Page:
Image courtesy of RSPB
A few days ago, the news came from the United Utilities Bowland Estate that three breeding male Hen Harriers had mysteriously disappeared from their nest sites. This species is in such a dire situation that an occurrence like this naturally invoked great levels of shock in everyone who heard about it, including myself. The critical status of hen harriers is widely known, so much so that it has been included in David Lindo's Vote for Britain's National Bird campaign in an attempt to gather more support and awareness for a species that only managed four successful breeding nests in 2014.
I actually read the news about the disappearances online just before I started a shift on the Chichester Peregrine Project and I now can't help but draw comparisons between the two species. I am in the wonderful position of being able to tell members of the public about the fantastic comeback the peregrine population has made since the 60s, when it was on the brink of extinction. Just like the harriers, the peregrines suffered from horrific levels of persecution. Threats came from landowners and pigeon racers who shot the falcons to protect their own birds and coupled with the poisonous effects of agricultural pesticides at the time, the falcons' population plummeted by 80%.
Since then, steps have been taken to protect the peregrines through the introduction of legal protection and control of pesticides. There are now 1,500 breeding pairs in the UK, many of which have adapted to urban environments, much like the Chi pair, and are repeatedly nesting in cathedrals and other tall buildings. It's taken half a century and a lot of hard work from dedicated people, but the population has made a significant recovery and the species is officially a "Green Status" bird.
It is this story that fills me with hope for the hen harriers. They were driven to extinction by 1900 but despite recovering their numbers naturally, persecution has driven to them to dangerous levels yet again. The peregrines are proof that it is possible to make a comeback but with the constant onslaught of persecution still faced by the harriers, it is sometimes hard to see the light at the end of the tunnel.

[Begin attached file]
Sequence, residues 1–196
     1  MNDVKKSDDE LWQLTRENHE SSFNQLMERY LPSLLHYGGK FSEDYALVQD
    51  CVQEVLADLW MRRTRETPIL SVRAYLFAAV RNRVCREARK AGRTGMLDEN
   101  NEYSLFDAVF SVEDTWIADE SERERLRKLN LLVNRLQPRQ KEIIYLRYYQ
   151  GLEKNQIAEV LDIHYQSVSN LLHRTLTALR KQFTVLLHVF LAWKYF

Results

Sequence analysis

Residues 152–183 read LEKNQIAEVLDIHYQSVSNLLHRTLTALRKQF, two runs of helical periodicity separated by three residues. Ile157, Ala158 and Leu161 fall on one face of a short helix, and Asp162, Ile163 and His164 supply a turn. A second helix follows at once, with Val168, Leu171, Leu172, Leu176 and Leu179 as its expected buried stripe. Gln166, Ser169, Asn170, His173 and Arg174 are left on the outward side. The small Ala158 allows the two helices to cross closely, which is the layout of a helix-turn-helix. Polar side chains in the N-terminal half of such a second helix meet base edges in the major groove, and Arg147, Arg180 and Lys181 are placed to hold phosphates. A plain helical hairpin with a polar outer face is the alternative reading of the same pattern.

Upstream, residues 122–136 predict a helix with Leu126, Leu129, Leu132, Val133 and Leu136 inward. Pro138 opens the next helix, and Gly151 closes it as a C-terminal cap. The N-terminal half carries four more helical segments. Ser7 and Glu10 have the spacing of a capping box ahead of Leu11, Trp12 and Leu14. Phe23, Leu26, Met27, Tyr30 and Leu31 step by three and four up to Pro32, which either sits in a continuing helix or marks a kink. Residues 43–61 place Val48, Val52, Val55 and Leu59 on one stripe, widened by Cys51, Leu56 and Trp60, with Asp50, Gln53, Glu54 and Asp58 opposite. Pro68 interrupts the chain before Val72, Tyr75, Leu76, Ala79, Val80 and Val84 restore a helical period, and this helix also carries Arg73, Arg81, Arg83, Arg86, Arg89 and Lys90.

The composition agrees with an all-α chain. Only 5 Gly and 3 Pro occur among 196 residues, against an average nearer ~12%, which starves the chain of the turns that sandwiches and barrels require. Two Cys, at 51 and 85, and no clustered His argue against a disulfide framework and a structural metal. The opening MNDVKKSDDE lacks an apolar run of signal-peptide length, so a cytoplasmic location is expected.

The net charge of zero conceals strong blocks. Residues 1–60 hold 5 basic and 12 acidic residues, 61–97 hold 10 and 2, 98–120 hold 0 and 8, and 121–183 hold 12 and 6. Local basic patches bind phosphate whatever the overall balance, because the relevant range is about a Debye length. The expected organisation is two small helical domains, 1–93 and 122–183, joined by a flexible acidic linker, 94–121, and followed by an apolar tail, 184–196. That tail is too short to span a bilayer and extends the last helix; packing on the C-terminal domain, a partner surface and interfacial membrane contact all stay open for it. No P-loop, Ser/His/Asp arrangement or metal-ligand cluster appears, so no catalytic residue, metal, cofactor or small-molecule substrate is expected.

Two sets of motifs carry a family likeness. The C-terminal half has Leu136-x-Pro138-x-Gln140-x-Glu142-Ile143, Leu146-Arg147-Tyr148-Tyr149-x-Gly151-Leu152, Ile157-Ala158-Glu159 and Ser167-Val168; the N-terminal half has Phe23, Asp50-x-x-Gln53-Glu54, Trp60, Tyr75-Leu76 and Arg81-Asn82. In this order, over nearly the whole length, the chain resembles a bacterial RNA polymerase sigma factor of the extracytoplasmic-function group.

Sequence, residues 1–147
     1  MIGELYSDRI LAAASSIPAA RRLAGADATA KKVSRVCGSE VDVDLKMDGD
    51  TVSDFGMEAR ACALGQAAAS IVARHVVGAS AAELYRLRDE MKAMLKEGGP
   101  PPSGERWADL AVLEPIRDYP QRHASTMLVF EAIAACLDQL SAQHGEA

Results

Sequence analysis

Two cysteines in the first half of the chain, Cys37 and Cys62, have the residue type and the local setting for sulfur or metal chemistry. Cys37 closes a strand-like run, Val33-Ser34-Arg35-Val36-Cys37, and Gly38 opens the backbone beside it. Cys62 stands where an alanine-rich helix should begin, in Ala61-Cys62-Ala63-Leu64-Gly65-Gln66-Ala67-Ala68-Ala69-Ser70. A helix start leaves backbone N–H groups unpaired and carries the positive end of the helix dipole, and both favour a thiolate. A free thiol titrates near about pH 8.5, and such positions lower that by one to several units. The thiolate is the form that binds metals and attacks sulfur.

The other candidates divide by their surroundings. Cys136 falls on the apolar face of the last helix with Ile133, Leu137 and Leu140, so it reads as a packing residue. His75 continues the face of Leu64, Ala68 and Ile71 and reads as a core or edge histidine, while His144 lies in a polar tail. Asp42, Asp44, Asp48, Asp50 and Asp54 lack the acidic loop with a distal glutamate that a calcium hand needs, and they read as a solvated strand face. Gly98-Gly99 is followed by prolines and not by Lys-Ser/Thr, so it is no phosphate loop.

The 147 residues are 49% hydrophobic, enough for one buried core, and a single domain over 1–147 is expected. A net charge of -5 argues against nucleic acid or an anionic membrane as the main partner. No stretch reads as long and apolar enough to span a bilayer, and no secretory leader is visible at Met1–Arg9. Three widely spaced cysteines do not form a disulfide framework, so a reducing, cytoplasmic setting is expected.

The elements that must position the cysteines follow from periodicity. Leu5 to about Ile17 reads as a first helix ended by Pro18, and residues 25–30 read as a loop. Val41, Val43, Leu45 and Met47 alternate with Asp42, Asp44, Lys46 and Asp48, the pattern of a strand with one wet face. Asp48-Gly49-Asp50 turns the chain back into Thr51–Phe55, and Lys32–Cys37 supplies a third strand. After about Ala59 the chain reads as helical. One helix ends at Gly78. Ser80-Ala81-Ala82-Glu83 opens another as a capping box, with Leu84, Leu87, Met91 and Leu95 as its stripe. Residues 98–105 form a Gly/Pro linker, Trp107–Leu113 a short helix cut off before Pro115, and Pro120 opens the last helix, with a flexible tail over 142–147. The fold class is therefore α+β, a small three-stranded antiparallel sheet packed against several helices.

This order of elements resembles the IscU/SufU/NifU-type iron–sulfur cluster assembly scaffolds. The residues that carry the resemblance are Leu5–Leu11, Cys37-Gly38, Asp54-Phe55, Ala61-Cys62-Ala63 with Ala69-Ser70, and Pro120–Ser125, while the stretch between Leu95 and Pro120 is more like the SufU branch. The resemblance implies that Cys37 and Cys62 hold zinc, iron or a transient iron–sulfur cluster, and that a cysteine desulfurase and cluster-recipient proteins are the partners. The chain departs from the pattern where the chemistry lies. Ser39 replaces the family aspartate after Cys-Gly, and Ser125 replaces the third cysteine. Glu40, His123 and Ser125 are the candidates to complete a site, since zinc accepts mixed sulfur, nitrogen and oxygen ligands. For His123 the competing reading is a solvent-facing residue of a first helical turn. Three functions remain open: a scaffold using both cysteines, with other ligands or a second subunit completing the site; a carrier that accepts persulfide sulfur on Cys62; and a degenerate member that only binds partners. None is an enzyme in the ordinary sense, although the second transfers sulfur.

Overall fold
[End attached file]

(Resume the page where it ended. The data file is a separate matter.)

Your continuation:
It is very unusual for one male hen harrier to just disappear from an active nest. So for three to vanish in less than a month is highly suspicious and although no one knows "officially" what has happened to them, everyone will have drawn their own, matching conclusions. There is a glimmer of hope edging this story. According to Martin Harper's blog, one of the nests has been saved by a juvenile male who was thankfully accepted by the female. One out of three egg clutches may still have a chance of survival now.
While I stood in the grounds of Chichester Cathedral on Monday waxing lyrical to the visitors about the peregrine renaissance, there was a bittersweet undertone. When one species is thriving, there are countless others still suffering and fighting battles that, after events such as these, already seem lost.
The important thing to remember is that they aren't lost.